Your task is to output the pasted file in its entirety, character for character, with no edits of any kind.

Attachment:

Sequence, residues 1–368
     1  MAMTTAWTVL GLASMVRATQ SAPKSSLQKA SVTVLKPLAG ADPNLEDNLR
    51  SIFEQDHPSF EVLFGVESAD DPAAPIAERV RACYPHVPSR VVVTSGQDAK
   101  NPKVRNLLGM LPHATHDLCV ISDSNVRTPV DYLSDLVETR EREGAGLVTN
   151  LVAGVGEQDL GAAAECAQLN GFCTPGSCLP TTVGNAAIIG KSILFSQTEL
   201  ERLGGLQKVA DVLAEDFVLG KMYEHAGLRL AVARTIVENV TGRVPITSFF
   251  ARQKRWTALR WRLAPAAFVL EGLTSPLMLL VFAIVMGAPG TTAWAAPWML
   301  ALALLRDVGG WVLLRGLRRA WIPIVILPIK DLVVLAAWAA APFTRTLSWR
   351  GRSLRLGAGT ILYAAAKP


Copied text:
Sequence, residues 1–368
     1  MAMTTAWTVL GLASMVRATQ SAPKSSLQKA SVTVLKPLAG ADPNLEDNLR
    51  SIFEQDHPSF EVLFGVESAD DPAAPIAERV RACYPHVPSR VVVTSGQDAK
   101  NPKVRNLLGM LPHATHDLCV ISDSNVRTPV DYLSDLVETR EREGAGLVTN
   151  LVAGVGEQDL GAAAECAQLN GFCTPGSCLP TTVGNAAIIG KSILFSQTEL
   201  ERLGGLQKVA DVLAEDFVLG KMYEHAGLRL AVARTIVENV TGRVPITSFF
   251  ARQKRWTALR WRLAPAAFVL EGLTSPLMLL VFAIVMGAPG TTAWAAPWML
   301  ALALLRDVGG WVLLRGLRRA WIPIVILPIK DLVVLAAWAA APFTRTLSWR
   351  GRSLRLGAGT ILYAAAKP